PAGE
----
PocketGuard will keep track of the recurring bills and at the same time look for better deals and plans that one can apply for. The application can also help with tracking individual bills and month-to-month trends.
How to Budget on Low Income?
If you are looking to improve your budget (even if you’re living paycheck to paycheck) then I can help you with some sound advice. In case you already know about the 50 20 30 budget rule, here are the easiest ways to budget for what life will inevitably throw your way.
Your education is the most important factor in your future success. Even so, college debt can be the biggest burden on a young adult. Be sure to be diligent in your studies and do not waste your opportunities in college. With all of the scholarship opportunities that are dependent on maintaining grades, you have to be certain that you are going to maintain your GPA to keep those scholarships. Also, be sure to choose a college that is within your budget so that you don’t start your adult life in massive debt. If your grades prevent you from continuing your education, it may prevent you from completing it.
Do not buy an extravagant vehicle. Find a well maintained pre-owned vehicle and keep it well maintained. Be sure to weigh maintenance costs when purchasing an automobile. What may seem like a good deal may end up turning sour if you have to keep pouring money into a car just to keep it on the road. And weigh the cost of maintaining your current car with the cost of trading in for one that is more reliable. You may want that fancy car now, but a young person needs to focus on the future. Once that is secured, then you can consider a reliable and economic new automobile.
Buying a house
This will be the biggest financial decision of your life. Don’t jump blindly into it. Research home values, the neighborhood, and your own preferences on features you want your home to have. This is a decision that can affect your life for decades. Be sure to weigh every single option. Do your homework on the property and make sure that there are no structural defects. Also, make sure you are not in a floodplain. Examine the trees around the property for signs of rot or disease.
Be sure, above all else, that you pay yourself first. Be sure to take advantage of your retirement options. Contribute to your 401(k) early and often. You may have to sacrifice when you are young, but it will pay off greatly when you are in your 60s and beyond.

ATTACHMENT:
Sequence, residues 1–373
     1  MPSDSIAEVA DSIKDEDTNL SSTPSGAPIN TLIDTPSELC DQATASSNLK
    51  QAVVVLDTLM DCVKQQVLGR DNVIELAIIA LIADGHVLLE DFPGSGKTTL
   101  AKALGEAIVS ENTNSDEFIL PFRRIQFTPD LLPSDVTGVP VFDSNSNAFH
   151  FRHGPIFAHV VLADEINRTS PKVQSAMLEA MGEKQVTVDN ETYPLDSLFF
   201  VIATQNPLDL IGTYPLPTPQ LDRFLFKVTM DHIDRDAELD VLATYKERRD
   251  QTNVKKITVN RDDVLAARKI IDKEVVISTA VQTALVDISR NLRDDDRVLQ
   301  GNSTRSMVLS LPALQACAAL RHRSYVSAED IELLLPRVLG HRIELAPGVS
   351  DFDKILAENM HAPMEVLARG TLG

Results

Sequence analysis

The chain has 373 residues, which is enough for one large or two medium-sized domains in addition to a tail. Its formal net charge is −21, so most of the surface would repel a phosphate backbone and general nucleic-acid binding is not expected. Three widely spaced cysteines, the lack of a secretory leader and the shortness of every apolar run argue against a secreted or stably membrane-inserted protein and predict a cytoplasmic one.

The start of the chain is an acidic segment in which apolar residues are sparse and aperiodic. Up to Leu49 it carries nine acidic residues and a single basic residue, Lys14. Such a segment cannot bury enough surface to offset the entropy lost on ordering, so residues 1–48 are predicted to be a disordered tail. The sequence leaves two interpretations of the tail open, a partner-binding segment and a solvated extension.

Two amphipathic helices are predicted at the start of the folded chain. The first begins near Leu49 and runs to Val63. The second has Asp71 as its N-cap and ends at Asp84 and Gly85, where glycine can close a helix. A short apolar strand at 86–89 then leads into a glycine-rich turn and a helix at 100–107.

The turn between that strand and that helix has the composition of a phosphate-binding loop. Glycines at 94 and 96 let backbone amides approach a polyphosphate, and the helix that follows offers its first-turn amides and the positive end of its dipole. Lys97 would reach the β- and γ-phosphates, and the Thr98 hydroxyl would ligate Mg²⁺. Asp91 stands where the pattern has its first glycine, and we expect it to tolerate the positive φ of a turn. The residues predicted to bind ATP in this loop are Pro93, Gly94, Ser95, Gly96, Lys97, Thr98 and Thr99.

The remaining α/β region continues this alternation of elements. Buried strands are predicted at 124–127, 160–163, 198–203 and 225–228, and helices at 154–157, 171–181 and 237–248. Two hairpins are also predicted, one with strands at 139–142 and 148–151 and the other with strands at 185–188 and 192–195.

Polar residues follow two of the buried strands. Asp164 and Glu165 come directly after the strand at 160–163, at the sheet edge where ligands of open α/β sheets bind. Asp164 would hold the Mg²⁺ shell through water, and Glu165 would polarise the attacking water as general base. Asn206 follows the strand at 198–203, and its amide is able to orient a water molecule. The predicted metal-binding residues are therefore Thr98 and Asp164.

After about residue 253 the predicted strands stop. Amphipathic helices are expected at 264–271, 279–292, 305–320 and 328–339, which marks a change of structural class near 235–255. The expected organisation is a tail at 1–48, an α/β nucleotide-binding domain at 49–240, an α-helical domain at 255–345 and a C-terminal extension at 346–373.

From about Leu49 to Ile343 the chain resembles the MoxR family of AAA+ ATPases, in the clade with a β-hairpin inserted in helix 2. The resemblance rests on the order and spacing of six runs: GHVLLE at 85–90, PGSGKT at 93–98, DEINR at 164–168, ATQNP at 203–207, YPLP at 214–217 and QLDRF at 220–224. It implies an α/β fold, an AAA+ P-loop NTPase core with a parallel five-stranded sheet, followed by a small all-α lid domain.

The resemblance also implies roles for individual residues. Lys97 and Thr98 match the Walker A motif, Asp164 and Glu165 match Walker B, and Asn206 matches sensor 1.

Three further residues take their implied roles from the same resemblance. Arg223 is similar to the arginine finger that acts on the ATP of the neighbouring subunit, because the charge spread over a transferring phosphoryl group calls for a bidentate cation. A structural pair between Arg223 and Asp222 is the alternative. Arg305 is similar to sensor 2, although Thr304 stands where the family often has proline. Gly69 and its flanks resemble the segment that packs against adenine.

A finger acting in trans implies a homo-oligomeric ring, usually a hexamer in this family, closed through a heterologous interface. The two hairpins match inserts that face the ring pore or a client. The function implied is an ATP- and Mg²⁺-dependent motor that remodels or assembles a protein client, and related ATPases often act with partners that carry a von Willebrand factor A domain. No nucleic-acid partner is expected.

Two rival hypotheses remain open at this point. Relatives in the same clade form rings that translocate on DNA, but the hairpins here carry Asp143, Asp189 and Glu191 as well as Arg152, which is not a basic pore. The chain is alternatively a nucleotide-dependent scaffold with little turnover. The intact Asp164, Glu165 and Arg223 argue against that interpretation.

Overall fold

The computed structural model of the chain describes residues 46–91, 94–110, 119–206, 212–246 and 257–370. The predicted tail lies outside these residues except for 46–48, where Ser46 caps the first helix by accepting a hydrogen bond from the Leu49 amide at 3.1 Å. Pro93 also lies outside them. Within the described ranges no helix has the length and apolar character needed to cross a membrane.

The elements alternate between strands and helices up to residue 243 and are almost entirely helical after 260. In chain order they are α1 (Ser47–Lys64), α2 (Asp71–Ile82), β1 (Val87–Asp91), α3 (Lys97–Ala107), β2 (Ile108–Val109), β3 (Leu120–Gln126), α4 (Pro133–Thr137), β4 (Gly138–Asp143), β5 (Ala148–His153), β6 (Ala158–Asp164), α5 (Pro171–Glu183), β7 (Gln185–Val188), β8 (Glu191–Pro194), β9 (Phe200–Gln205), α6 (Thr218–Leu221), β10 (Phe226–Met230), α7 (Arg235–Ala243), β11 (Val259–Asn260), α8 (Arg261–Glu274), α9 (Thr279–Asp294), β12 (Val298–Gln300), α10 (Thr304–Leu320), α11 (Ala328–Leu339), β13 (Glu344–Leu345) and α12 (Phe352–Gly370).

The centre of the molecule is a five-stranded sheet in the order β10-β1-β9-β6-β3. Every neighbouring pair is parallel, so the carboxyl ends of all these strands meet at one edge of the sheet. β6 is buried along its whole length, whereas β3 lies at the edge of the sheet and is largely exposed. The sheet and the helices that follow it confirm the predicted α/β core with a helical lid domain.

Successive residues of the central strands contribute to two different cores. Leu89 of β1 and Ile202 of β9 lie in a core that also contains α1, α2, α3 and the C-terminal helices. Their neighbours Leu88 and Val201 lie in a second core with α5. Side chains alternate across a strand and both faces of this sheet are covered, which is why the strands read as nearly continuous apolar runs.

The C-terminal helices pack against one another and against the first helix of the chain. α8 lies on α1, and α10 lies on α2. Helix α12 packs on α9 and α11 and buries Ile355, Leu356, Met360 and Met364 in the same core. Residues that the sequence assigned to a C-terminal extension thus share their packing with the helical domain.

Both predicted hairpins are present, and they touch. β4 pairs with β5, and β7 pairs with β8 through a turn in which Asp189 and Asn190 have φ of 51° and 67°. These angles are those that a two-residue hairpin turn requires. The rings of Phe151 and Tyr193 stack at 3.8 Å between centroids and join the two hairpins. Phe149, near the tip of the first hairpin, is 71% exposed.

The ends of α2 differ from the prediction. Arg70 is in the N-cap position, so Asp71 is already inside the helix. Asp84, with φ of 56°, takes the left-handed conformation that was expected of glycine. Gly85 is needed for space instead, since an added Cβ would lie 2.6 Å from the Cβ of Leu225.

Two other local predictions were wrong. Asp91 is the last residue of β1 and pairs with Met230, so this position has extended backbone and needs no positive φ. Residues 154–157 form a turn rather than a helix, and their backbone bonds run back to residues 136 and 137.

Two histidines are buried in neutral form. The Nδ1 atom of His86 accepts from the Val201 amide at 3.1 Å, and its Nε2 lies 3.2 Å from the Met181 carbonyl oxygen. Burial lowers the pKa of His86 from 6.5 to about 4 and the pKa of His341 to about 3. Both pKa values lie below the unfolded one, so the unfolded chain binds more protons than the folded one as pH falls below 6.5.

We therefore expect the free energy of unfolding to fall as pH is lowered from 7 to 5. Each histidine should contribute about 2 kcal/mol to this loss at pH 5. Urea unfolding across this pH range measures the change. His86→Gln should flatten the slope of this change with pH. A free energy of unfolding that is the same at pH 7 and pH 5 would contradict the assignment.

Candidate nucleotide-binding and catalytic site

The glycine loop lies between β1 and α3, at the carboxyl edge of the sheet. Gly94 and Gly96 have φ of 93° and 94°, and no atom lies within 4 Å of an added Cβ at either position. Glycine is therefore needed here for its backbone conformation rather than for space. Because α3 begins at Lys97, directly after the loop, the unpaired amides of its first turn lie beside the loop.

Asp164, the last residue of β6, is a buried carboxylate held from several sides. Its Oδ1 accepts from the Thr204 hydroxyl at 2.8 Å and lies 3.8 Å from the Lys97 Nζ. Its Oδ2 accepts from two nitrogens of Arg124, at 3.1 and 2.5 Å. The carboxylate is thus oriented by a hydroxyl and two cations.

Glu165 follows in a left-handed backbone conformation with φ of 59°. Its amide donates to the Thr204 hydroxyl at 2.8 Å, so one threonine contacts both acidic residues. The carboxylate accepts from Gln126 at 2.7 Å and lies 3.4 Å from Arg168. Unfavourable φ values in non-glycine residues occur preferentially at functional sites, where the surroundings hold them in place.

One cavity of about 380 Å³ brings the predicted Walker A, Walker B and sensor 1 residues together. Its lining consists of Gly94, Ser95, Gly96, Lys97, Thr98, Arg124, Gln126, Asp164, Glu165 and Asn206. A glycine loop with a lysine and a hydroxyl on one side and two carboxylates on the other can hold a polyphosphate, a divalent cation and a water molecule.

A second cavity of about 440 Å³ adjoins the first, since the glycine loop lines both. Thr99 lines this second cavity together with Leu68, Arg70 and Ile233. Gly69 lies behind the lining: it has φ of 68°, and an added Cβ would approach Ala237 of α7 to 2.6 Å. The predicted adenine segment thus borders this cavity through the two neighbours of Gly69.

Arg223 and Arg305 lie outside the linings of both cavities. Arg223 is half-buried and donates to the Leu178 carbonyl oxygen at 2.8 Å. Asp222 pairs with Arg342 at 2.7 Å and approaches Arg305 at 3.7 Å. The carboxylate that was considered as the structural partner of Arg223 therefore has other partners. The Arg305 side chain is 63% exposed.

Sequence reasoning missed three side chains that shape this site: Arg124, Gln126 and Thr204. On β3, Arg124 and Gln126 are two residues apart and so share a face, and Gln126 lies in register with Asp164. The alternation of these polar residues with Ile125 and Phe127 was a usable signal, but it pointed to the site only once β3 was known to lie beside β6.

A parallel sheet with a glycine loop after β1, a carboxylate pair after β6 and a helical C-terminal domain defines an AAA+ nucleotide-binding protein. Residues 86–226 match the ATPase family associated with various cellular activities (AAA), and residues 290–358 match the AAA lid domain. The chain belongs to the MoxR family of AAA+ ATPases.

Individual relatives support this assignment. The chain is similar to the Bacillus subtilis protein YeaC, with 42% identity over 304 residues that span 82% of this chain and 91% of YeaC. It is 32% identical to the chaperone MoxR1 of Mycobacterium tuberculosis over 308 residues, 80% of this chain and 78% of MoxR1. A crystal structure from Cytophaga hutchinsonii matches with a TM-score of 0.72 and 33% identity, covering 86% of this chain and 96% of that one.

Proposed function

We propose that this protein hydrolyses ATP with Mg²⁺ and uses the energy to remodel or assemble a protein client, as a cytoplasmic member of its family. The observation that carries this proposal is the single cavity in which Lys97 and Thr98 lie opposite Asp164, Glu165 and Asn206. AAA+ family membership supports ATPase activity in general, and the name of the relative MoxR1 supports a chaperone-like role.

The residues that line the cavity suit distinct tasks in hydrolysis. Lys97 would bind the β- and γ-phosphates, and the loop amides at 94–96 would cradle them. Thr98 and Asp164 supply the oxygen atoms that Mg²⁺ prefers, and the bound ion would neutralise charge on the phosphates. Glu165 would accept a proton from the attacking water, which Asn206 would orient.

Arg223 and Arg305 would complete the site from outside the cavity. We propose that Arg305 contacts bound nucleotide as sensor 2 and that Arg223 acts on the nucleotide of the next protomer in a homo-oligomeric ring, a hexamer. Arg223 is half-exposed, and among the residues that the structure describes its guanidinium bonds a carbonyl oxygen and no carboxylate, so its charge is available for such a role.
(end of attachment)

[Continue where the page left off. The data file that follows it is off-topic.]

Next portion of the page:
Choose your credit options responsibly. Avoid debt at all costs. Just because you have a card doesn’t mean that you have to use it all of the time. The key is, never spend more than you bring home. And always, always, always pay off your balance every month.
Remember all of these things. Hard work will get you through tough times that are to come. Always keep your future in mind. Save when you can, and avoid going into debt at any cost.
Personal Finance Statistics to Know in 2021
- 58% of Americans have less than $1,000 saved.
- 8% of US citizens believe they will never recover from the recession.
- Millennial Americans have a median emergency savings of just $2,000.
- 20% of Americans don’t save any of their annual income.
- 50% of American households live paycheck to paycheck.
- Only 32% of US families maintain a household budget.
- Americans hold a total of $1 trillion in credit card debt.
Our earnings are less, while the cost of living is getting higher. This is why it is important to have a good budgeting app handy to help you curb your expenses. This can help you make the right plans for your financial future.
More budgeting resources for you
If you want to work on your budget but aren’t sure an app is the right way to go, there are other options you can try, such as:
- Use a free saving checklist to help you save even more money.
- Exploring other online savings accounts for interest that adds up in your family’s best interest.
- Reading up on how to create and manage a budget.
- National Endowment for Financial Education
- The Wall Street Journal
- USA Today
- Schwab 2019 Modern Wealth Index
- US Census Bureau
- Bureau of Labor Statistics
- Employee Benefit Research Institute
- Northwestern Mutual